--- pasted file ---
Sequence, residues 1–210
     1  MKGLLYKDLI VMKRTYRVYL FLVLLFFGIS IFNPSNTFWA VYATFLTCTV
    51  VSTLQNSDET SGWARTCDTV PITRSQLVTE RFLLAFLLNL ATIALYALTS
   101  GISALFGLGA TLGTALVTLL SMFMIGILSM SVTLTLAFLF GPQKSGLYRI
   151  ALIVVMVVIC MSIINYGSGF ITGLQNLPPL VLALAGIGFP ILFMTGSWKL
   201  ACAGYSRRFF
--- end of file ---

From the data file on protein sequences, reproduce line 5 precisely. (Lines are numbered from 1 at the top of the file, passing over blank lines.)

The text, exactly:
   151  ALIVVMVVIC MSIINYGSGF ITGLQNLPPL VLALAGIGFP ILFMTGSWKL